Story by Justin Goldman| Rhapsody, January 2017
Photography by Grant Harder (Stanley Park); Richard Wong/Alamy (The Raven and the First Men); courtesy of Hawksworth Restaurant (tuna dish); courtesy of Rosewood Hotel Georgia (hotel suite); courtesy of The Keefer Bar (bar interior)
You're in town for business, but you have the day off. Go.
9 a.m. Vancouver may be the North American city most blessed with natural beauty. Take in those views with a morning jog along the Seawall, a 13-mile running and biking trail that loops along the harbor and around forested Stanley Park. The sublime scenery includes seaplanes on Burrard Inlet, the iconic Lions Gate Bridge, and the snowcapped Coast Mountains.
10:30 a.m. Vancouver is home to North America's third-largest Chinatown, so satisfy your post-jog appetite with dim sum at Dynasty Seafood, just 10 minutes south of downtown. In the ballroom-style dining room, chopstick up steamed black truffle dumplings, pan-fried shrimp and chive dumplings, deep-fried taro root with barbecued duck, and, of course, egg-custard tarts.
Bill Reid's The Raven and the First Men, at the Museum of Anthropology
12:30 p.m. Walk off your brunch with a 20-minute stroll to the Granville Island Public Market. Just before you reach the main building, stop at Artisan Sake Maker for a flight of house-made rice wines. The cornucopia of comestibles on offer inside the marketplace can be overwhelming, but don't miss the charcuterie at the Oyama Sausage Co.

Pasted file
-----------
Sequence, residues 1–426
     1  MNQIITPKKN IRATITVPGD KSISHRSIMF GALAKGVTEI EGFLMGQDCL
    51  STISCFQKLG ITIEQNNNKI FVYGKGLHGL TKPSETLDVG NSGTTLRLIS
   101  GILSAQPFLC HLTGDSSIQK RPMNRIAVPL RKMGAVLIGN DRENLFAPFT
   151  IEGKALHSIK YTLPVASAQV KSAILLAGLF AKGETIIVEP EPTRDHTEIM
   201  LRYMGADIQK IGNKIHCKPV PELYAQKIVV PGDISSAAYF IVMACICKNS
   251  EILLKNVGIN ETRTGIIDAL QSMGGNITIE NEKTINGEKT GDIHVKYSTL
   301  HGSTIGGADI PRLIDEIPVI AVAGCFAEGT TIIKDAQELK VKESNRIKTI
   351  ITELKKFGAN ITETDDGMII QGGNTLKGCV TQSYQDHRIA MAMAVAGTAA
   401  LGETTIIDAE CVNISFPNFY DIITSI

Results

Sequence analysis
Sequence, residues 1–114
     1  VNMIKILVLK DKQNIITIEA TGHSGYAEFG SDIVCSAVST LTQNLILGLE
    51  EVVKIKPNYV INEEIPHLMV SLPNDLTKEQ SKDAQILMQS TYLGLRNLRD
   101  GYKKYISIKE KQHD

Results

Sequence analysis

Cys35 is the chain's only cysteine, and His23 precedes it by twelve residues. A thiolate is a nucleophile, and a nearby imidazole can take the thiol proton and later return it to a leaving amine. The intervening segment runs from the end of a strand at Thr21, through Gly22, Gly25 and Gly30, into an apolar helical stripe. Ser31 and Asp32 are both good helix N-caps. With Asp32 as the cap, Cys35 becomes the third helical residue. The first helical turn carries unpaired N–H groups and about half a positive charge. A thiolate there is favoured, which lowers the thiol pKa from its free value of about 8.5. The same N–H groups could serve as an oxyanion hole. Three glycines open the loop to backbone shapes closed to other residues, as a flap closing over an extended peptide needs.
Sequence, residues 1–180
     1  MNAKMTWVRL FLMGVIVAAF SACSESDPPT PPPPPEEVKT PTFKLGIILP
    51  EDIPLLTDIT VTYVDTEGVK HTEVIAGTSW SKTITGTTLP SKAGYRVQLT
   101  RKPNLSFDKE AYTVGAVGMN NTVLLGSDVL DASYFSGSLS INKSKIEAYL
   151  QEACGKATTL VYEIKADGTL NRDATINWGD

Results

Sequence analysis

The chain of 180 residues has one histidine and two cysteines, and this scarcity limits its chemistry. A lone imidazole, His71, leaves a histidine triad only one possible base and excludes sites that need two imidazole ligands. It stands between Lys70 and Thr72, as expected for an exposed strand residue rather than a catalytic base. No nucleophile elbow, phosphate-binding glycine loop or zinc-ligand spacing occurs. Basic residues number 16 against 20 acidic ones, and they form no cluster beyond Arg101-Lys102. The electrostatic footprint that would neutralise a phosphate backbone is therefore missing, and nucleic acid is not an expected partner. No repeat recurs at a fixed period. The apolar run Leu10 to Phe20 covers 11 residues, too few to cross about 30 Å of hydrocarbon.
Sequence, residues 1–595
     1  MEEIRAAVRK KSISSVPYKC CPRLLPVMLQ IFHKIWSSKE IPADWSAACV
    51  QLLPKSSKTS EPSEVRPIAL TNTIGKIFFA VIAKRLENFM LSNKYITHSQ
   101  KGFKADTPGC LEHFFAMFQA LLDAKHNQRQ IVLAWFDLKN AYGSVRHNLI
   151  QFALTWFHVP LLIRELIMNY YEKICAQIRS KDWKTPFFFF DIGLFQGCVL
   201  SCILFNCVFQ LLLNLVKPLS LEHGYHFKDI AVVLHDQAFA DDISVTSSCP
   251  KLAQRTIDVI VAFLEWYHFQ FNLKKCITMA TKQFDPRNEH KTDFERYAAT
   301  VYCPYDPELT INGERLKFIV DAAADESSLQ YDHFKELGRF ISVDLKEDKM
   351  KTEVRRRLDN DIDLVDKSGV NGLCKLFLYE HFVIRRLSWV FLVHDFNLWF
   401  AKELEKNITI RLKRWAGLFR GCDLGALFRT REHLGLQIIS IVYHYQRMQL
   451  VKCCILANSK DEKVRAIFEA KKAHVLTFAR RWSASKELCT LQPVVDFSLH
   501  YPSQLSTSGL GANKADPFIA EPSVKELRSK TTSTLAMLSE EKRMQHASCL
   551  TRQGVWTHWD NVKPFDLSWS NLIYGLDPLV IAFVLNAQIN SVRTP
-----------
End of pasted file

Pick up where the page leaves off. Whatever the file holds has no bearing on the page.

2 p.m. Head west along English Bay to the University of British Columbia's Museum of Anthropology. You'll find yourself gawping at the world's finest collection of First Nations art: 30-foot-tall totem poles, intricate canoes, Bill Reid's awe-inspiring sculpture The Raven and the First Men. Once you've scraped your jaw off the floor, walk across campus and down 473 steps to Wreck Beach, a stretch of clothing-optional sand that seems to be hosting a casting call for Burning Man. Resist the urge to gawp.
4 p.m. Catch your breath at the top of the stairs and skip back across town to the city's hippest (and oldest) neighborhood, Gastown, which takes its name from an 1867 tavern. The area feels both roughneck and refined: cobblestone streets, a historic Victorian steam clock, upscale restaurants, a gritty street scene. Turn down Blood Alley (see what we mean?) and take a seat on the deck at Tacofino, a Mexican restaurant that grew out of a beloved food truck, to snack on lamb birria tacos and happy-hour margaritas. Be careful with those margs.
The Keefer Bar's apothecary interior
6 p.m. Head back to the Rosewood Hotel Georgia to get cleaned up for dinner. The 156-room property dates to 1927, and retains a robber-baron feel (a stately brick facade and a lobby decked in dark wood and sparkling chandeliers) balanced with modern amenities (a luxurious spa that offers oxygen-infusion facials). Skip the facial, because you're running late for dinner. Don't worry—you don't have far to go.
7:30 p.m. Just off the lobby is Hawksworth, arguably Canada's best restaurant, where chef David Hawksworth offers a classic Pacific Northwest–style tasting menu. Seared yellowfin tuna, Yarrow Meadows duck breast, and Nova Scotia lobster are all highlights, but the best part may be the spot-on wine pairings.
9:30 p.m. Cab it to Chinatown and The Keefer Bar, a narrow wooden lounge that feels like a Chinese apothecary belowdecks of a pirate ship. Have a Chinatown Sour (Wild Turkey, Fernet, lemon, and orgeat), or a barrel-aged Tangerine Dream (Bulleit rye, Ramazzotti, tangerine dry vermouth, and cherry cedar bitters). Realize that you're about to go overboard. Step out into the rain-misty night, and set sail for home.